• Exercise
    • Get outside every day
    • Drink plenty of water
    • Reduce intake of sugar/junk food
    • Reduce stress
  • Organize one section of your home
    • Choose one area of your home or workspace to organize. It will make a huge impact on your peace of mind every time you enter it to see the clutter and possessions reduced.

Enjoy 2019!

Written by: Beth Stefura, Extension Educator, Family & Consumer Sciences, Ohio State University Extension, Mahoning County, stefura.2@osu.edu

Reviewed by:  Donna Green, Extension Educator, Family and Consumer Sciences, Ohio State University Extension, Erie County, green.308@osu.edu

Sources:

https://www.psychologytoday.com/us/blog/what-mentally-strong-people-dont-do/201807/5-ways-simplify-your-life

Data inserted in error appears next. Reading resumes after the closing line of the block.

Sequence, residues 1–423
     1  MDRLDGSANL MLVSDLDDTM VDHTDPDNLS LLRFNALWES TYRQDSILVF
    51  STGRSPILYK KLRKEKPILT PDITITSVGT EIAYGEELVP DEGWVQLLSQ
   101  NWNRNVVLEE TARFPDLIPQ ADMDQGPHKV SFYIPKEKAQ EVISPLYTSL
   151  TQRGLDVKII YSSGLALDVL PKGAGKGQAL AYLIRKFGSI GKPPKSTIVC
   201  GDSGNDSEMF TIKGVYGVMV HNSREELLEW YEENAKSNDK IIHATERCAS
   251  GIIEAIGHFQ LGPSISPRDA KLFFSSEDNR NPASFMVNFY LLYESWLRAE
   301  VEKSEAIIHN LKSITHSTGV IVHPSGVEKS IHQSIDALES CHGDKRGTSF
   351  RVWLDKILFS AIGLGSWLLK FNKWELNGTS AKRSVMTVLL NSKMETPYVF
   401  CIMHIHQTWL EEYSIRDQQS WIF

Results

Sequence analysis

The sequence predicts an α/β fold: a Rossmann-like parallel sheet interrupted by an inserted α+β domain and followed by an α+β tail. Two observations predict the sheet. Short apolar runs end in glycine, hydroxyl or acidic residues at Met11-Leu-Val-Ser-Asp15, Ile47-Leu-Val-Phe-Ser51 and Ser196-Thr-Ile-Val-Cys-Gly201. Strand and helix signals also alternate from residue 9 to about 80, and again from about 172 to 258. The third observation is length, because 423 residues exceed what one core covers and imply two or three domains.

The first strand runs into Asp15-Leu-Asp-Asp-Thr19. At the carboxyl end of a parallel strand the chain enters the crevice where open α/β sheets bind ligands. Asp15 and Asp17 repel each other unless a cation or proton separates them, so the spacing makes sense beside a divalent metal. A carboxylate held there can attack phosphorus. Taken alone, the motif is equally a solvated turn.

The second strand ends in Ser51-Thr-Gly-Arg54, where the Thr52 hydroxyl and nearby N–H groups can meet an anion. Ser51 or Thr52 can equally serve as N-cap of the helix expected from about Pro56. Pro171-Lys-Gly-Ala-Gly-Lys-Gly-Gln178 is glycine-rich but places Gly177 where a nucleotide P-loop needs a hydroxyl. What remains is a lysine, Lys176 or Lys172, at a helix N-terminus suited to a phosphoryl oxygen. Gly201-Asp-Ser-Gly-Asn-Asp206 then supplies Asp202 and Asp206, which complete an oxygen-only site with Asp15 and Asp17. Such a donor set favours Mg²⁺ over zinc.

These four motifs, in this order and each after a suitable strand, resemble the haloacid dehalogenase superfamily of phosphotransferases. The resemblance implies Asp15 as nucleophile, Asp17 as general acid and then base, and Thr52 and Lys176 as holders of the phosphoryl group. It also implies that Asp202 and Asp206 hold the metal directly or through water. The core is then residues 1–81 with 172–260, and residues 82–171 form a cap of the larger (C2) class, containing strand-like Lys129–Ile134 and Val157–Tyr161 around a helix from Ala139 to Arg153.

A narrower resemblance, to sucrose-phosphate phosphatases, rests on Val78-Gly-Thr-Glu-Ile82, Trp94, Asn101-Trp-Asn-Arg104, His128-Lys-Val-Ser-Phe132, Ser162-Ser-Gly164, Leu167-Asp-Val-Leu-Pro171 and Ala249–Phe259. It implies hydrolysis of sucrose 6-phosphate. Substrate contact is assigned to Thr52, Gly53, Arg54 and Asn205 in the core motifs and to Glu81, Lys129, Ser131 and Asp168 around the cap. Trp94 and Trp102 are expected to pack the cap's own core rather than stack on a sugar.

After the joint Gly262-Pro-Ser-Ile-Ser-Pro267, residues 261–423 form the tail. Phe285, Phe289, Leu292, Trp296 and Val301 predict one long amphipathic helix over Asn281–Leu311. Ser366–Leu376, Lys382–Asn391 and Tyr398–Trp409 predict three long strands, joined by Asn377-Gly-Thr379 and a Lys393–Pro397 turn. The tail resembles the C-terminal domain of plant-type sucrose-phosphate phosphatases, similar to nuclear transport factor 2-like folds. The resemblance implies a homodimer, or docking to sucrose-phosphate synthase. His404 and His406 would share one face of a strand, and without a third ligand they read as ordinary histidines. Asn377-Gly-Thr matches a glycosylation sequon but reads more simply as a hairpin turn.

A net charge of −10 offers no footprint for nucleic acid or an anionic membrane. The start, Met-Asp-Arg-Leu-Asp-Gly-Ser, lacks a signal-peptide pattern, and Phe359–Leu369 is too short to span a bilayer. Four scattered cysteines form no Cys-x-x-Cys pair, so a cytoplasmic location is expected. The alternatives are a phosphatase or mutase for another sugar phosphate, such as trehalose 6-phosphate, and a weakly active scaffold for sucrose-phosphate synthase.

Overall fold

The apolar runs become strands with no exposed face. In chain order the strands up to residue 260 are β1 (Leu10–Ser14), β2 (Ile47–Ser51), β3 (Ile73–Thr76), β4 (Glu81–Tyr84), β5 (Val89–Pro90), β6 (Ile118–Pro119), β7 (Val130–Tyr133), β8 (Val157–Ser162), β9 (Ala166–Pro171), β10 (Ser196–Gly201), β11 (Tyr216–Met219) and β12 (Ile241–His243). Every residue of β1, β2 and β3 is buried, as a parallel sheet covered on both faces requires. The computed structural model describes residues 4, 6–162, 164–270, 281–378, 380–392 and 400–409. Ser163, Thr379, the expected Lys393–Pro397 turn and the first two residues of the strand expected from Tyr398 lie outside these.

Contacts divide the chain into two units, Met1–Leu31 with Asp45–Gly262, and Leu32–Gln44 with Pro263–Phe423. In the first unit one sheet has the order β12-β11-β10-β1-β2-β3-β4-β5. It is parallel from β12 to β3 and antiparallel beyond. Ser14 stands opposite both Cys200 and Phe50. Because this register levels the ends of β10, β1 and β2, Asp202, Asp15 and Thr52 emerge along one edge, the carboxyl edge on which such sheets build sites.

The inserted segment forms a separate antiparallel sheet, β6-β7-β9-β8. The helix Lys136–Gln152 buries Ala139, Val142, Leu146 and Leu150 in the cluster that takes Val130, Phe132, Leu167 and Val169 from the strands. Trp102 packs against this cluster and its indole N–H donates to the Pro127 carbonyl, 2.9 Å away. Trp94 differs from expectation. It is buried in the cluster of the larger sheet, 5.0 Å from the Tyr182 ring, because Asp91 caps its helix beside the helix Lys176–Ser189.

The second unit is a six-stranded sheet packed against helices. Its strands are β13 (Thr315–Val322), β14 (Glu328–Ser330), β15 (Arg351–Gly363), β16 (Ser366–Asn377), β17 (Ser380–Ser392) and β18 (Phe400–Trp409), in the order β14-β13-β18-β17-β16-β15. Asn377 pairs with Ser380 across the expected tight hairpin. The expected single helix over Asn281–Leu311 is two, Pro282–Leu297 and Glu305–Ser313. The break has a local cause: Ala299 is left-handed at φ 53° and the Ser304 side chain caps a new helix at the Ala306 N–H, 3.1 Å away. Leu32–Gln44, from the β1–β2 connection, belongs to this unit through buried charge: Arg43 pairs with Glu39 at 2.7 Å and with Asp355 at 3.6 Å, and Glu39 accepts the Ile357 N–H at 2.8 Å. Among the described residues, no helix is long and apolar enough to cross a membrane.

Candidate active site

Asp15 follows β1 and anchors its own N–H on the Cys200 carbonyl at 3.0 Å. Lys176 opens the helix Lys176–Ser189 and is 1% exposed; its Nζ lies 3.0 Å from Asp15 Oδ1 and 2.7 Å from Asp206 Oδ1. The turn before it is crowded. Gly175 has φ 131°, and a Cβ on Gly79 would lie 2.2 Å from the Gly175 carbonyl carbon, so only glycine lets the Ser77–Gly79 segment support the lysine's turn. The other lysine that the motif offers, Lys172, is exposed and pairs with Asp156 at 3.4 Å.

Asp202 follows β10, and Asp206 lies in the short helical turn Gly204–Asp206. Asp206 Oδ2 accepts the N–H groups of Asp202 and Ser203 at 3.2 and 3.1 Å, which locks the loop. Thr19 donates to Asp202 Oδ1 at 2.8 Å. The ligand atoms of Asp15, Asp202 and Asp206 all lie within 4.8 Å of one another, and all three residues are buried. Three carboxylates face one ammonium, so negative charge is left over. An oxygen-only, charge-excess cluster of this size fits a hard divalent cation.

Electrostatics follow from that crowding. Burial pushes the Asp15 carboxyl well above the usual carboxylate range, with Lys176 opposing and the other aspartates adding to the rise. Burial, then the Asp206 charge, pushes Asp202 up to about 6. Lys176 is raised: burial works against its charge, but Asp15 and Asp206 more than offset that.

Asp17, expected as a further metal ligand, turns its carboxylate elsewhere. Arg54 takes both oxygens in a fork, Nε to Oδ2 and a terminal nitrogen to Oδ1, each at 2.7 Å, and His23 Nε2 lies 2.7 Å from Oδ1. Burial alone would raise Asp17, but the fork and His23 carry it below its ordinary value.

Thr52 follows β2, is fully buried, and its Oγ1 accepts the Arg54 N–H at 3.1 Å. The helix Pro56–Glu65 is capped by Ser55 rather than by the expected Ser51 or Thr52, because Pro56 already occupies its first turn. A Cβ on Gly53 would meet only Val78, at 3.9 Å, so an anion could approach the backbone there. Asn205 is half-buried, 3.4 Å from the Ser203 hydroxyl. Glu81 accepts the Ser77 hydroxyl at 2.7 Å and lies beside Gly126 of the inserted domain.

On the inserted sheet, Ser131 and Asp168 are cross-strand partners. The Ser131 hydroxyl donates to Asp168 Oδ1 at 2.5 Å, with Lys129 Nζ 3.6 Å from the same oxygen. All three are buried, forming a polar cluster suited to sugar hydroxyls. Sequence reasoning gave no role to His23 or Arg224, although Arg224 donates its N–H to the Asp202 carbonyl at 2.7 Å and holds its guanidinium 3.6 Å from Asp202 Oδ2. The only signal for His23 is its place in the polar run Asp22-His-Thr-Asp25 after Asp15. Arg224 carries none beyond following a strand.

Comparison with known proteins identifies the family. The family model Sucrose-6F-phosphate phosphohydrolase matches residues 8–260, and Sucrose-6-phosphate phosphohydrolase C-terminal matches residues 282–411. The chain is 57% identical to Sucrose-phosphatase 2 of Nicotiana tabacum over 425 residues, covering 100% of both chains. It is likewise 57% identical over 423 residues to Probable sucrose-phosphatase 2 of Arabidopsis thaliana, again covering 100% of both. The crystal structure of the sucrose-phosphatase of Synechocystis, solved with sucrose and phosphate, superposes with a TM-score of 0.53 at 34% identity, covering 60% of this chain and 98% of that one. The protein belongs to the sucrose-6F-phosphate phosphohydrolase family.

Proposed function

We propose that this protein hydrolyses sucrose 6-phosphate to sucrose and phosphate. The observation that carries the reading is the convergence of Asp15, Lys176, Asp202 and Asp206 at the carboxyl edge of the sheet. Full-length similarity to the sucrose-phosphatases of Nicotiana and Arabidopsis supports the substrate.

https://www.psychologytoday.com/us/blog/prescriptions-life/201901/change-your-life-pick-one-thing-and-do-it

 

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Christmas Tree

My Christmas Tree

I love the holiday season. The hustle, the bustle, the decorations and most importantly spending time with my family, friends and loved ones. I enjoy making home decor and gifts for others. But….. sometimes I take on a little more than I should and find myself stressed out. I bet I am not the only one who is over-committed.

It can also be common for our health goals to take a backseat to the celebrations and obligations of the season. Do you want some tips and ideas to relax and enjoy the holidays in a healthier way this year? Join the CALM Down for the Holidays email wellness challenge for healthy living tips and encouragement to help you make the most of this holiday season.

The “CALM Down for the Holidays Challenge is an on-line challenge designed to help you explore ways to simplify the upcoming holiday season. Messages will include tips to help you:

  • Find your Quiet Place
  • Reduce Stress
  • Move More